Meditation has been used as a transformational tool for thousands of years. In the West, meditation is a new practice that has increased in popularity over the last couple decades. Meditation research allows us to see exactly how it works and how it may improve our health and lives using rigorous scientific methods. I’ve been excited to study meditation research ever since I first tried it. I’ve always had a curious and inquisitive mind and wanted to know how things worked. This curiosity led me to become a naturopathic physician and then a clinical researcher. My research has always revolved around the mind and its relationship with the body, how the state of our mind can influence all levels of our existence (e.g. physical, emotional, spiritual, social, environmental). Many of us “know” this on a cellular level without being able to prove it. So, I wanted to demonstrate these relationships with solid scientific methods. My whole research career has been dedicated to this research question. And isn’t that what IONS is all about?! Being at IONS allows me the incredible supportive environment to continue this inquiry with a synergistic team of incredible minds. As a meditation researcher, I am always amazed at the variety of meditation traditions. Almost every spiritual tradition on the planet has some sort of meditation or prayer associated with it. I’ve come to believe, like other researchers, that the essential goal of all of these different meditation is the same: to reach a state where we are able to understand our underlying state or true nature (Baerentsen, 2010). People have given many different names to this state: Samadhi, nondual awareness, pure awareness or pure consciousness, no mind, unity consciousness, Transcendental Consciousness, pure Being, oneness, mental stillness, mystical knowledge, wisdom meditation, the list goes on and on.
As a long time meditator myself, I have practiced in a number of traditions, such as Christian, Buddhist, Vedic, Native American, secular mindfulness meditation, and general spiritual meditation. I have experienced first-hand how the different meditations bring me to a similar quality of being. A state of well-being, connection, bliss…a state of “Oneness” between myself, the environment, and others, and so much more. Like others, I find the state to be ineffable, so it is difficult to fully describe it in words. So, maybe it is not about the road we take to the destination, but the destination itself that is important. We know that long-term meditation has numerous benefits like relieved depression and anxiety and improved quality of life (Goyal, 2014; Khoury, 2013). But is the developed meditative state that most meditators hope to be in what is creating these benefits? My curiosity got the best of me and I decided to find out.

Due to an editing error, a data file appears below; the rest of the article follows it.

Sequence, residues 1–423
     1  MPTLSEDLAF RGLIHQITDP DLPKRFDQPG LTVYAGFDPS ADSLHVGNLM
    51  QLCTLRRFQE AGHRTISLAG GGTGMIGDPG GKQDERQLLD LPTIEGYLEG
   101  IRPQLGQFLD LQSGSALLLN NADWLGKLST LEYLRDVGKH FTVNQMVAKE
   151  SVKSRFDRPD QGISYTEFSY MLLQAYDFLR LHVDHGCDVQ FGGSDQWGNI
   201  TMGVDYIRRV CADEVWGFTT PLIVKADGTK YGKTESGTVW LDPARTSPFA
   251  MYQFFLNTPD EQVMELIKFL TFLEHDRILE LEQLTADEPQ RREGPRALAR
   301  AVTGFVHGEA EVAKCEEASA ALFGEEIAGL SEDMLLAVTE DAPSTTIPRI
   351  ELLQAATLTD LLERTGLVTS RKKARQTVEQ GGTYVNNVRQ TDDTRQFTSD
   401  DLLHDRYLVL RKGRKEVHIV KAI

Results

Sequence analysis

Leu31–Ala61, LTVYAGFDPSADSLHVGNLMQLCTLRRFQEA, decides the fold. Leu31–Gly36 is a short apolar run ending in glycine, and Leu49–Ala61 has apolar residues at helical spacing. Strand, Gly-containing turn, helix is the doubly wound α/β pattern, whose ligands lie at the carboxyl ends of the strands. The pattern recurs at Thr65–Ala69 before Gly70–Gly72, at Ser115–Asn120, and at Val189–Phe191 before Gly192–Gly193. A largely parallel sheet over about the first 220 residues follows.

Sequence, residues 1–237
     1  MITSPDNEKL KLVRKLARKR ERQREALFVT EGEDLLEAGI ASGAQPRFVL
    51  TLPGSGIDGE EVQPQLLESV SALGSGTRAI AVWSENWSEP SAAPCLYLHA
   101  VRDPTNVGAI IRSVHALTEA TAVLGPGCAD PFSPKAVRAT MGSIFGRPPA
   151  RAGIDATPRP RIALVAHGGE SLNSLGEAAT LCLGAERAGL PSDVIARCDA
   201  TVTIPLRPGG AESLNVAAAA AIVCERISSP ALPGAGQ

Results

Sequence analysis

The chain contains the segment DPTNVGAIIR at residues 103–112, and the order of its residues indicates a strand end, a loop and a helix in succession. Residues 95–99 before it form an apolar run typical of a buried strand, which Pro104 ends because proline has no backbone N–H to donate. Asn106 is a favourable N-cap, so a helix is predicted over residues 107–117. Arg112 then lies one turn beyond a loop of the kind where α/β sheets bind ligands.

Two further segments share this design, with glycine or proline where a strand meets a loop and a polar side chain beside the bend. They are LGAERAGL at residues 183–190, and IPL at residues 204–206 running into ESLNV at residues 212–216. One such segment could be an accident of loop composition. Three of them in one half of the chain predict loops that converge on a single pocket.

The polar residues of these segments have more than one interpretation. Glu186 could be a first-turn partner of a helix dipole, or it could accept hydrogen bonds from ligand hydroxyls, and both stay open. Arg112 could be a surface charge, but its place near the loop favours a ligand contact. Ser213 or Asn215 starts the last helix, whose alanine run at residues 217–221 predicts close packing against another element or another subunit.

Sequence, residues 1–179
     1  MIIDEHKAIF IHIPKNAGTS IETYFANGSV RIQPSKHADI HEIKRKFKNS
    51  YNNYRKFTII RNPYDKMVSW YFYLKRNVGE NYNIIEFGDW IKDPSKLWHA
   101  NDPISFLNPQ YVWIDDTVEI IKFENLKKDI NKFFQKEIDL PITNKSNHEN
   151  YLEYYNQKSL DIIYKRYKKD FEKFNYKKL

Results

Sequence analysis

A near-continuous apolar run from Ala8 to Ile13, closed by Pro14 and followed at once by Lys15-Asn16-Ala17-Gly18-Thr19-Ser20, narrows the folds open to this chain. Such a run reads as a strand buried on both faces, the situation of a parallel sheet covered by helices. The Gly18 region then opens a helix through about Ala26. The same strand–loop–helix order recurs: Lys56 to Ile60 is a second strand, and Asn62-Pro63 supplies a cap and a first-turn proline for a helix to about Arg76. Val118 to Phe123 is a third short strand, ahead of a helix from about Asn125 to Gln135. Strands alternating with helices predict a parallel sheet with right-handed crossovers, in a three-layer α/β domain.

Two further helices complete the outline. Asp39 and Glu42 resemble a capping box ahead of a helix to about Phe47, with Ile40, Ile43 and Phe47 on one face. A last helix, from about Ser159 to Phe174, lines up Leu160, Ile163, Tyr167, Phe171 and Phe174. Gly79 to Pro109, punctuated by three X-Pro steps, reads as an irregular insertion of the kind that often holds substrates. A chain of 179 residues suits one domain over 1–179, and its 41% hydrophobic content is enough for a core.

I’m combing through the “literature” in a systematic review to find out just what this transcendent state is across traditions. So far, we’ve found that while there are a large and growing number of meditation research papers (3727 hits on Pubmed.com today), very few of them describe whether they were recording their measures -like EEG or ECG- during this actual state. They say they recorded expert meditators, but don’t mention whether the meditators were in a transcendent state when they were recording. Unfortunately, we can’t include these papers in our review because we can’t be sure that the state the meditator was in during the recording is the one we are looking for. There are about forty papers we have found so far that explicitly describe the transcendent state the meditator was in during the recordings, so we are working on extracting data from those right now. We’ll have to wait a few months to see the final results.